Toward a Peaceful Ukrainian Election

Ukrainians must turn out to vote so the next president has legitimacy at home and abroad.

Ukrainian presidential candidate Petro Poroshenko.

Ukrainian presidential candidate Petro Poroshenko speaks to supporters.

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As Ukraine approaches the first round of its presidential elections on May 25, the Russian-led insurgency in the country has stalled. The separatists seized control in the small city of Slovyansk and at select locations in Donetsk and Luhansk, but efforts to establish a secure presence in Kharkiv and Odessa failed. The referenda held by separatists in the East have gained little traction, and numerous polls show that a large majority throughout the East want to remain in a unitary Ukraine. In Dnepropetrovsk, oligarch governor Igor Kolomoisky has kept the insurgents at bay and in Mariupol, oligarch Rinat Akhmetov unleashed his steel workers to prevent the separatists from taking control.

Under the threat of additional Western sanctions, the Kremlin is positioning itself to use the elections to step back from its ongoing aggression against Ukraine. After proclaiming loudly for weeks that the elections would have no legitimacy, the Kremlin did not block the dispatch of international observers by the Organization for Security and Cooperation in Europe. Moscow’s recent statements are meant to provide flexibility. Russian President Vladimir Putin himself noted on one occasion that the elections could be a positive step, while on another questioned the legitimacy of having a vote before “constitutional reform.” And after weeks of pretending to do so, Moscow this week appears to have moved its troops back from the border with Ukraine.

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All of this means that the outlook for a largely peaceful and orderly vote on Sunday is improving, and attention in Ukraine is turning from the disorder in the East to the prospects of the major presidential candidates. The wide lineup of candidates in the race is a sign of normalcy. So too is the fact that two of the top four candidates represent the East and come from ex-President Viktor Yanukovych's Party of the Regions: oligarch Serhiy Tyhypko and governor of Kharkiv Michael Dobkin. The leading candidate is the "chocolate king," oligarch Petro Poroshenko, who has held high positions under previous presidents Yanukovych and Viktor Yushchenko. Rounding out the list is the firebrand Yulya Tymoshenko, the leader of the Fatherland Party, who spent years as Ukraine's most famous political prisoner under Yanukovych.

Polls make Poroshenko the favorite with the backing of 48-52 percent of the electorate. This dwarfs the 10-13 percent showing for Tymoshenko and the 7-8 percent support for Tyhypko. Poroshenko’s strong position has two sources. First, he has worked with governments across the spectrum in his career, so he is not seen as an “outsider” anywhere in the country. Second, he is the only established politician in Ukraine whose reputation was enhanced by the crisis that began last November. His careful support for the protest on the Maidan strengthened him among reform voters without alienating voters in the East. His biggest weakness is that he has no political party, but he remedied that by garnering the support of Udar, the party led by former heavyweight boxing champion Vitaliy Klitschko.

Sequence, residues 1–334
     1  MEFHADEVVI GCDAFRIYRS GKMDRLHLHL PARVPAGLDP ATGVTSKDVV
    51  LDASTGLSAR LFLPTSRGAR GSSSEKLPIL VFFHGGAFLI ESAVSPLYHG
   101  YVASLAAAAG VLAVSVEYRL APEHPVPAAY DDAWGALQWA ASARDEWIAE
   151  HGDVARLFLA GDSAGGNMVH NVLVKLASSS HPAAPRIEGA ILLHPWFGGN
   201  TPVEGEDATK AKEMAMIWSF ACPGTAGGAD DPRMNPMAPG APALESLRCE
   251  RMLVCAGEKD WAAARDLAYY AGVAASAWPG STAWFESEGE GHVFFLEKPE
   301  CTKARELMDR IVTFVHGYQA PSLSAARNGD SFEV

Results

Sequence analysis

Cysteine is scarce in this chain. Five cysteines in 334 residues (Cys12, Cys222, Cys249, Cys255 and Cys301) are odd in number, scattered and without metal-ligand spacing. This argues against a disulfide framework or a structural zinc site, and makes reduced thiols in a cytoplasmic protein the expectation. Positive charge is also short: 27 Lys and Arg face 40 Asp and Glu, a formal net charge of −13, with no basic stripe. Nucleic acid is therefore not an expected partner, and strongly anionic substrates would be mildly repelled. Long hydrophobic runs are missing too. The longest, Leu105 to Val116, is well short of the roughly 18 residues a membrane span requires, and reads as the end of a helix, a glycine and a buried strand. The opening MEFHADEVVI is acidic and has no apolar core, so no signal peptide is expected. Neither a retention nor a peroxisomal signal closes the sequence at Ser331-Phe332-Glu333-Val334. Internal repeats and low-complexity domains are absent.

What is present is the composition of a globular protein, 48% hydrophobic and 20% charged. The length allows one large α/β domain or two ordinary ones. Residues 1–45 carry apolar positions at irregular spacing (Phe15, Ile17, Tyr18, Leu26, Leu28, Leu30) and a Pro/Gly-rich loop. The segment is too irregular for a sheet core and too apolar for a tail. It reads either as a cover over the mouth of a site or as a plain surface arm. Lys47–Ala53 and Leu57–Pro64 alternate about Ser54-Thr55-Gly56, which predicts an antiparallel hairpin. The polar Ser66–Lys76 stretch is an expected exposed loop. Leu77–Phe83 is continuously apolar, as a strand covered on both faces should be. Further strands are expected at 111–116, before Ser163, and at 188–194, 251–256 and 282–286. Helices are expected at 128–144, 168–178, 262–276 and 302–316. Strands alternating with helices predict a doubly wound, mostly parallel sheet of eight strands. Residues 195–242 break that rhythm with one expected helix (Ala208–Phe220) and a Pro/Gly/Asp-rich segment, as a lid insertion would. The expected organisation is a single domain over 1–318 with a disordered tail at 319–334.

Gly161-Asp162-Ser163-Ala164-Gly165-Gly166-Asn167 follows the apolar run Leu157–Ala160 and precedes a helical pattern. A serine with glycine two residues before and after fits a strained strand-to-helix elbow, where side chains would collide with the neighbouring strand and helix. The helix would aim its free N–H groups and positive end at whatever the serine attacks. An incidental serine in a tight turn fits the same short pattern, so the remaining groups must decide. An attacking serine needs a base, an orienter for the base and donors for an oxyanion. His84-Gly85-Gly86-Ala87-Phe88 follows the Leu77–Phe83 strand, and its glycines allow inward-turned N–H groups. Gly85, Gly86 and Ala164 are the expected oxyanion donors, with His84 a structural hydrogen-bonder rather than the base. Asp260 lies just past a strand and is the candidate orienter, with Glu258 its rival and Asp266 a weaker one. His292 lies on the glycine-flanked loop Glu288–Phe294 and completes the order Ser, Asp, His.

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Ukrainian law stipulates that to become president, a candidate must garner more than 50 percent of the vote in the first round. Polls clearly give Poroshenko that possibility, but it is no sure thing. If he does not win in the May 25 vote, a runoff is scheduled for June 15, with either Tymoshenko or Tyhypko his likely opponent. At that point, an alliance between Tymoshenko and Tyhypko and their respective parties becomes a real possibility. The two parties agree to share the principal positions in the government if they win round two. These parties are the largest and best organized in Ukraine. In such circumstances, the race will be much tighter than the first round.

To increase his chances for a first round win, Poroshenko is stressing that a second round provides Russia and the separatists further opportunity to spread turmoil. Whether or not this argument resonates with the voters, it does have the advantage of being true. Putin’s objective remains to prevent Ukraine from establishing a stable democracy that looks toward Europe for economic cooperation and political inspiration. His chief lever for achieving this is to promote an insurgency in Ukraine’s East. The insurgents’ May 22 assault on a Ukrainian army outpost in Donetsk – with at least eight soldiers killed – is a nasty reminder that they still mean to prevent voter turnout. Yet polls indicate that nationwide the turnout will hit 70 percent, and even in the East should top 60 percent.

If that happens, the winner of the ballot will have legitimacy at home and abroad to address the country’s urgent problems. Whether the Kremlin will accept that is another matter altogether. That will depend on both the new president’s ability to consolidate control in Ukraine, and the West’s willingness to impose sectoral sanctions if Moscow’s aggression against Ukraine continues after the vote.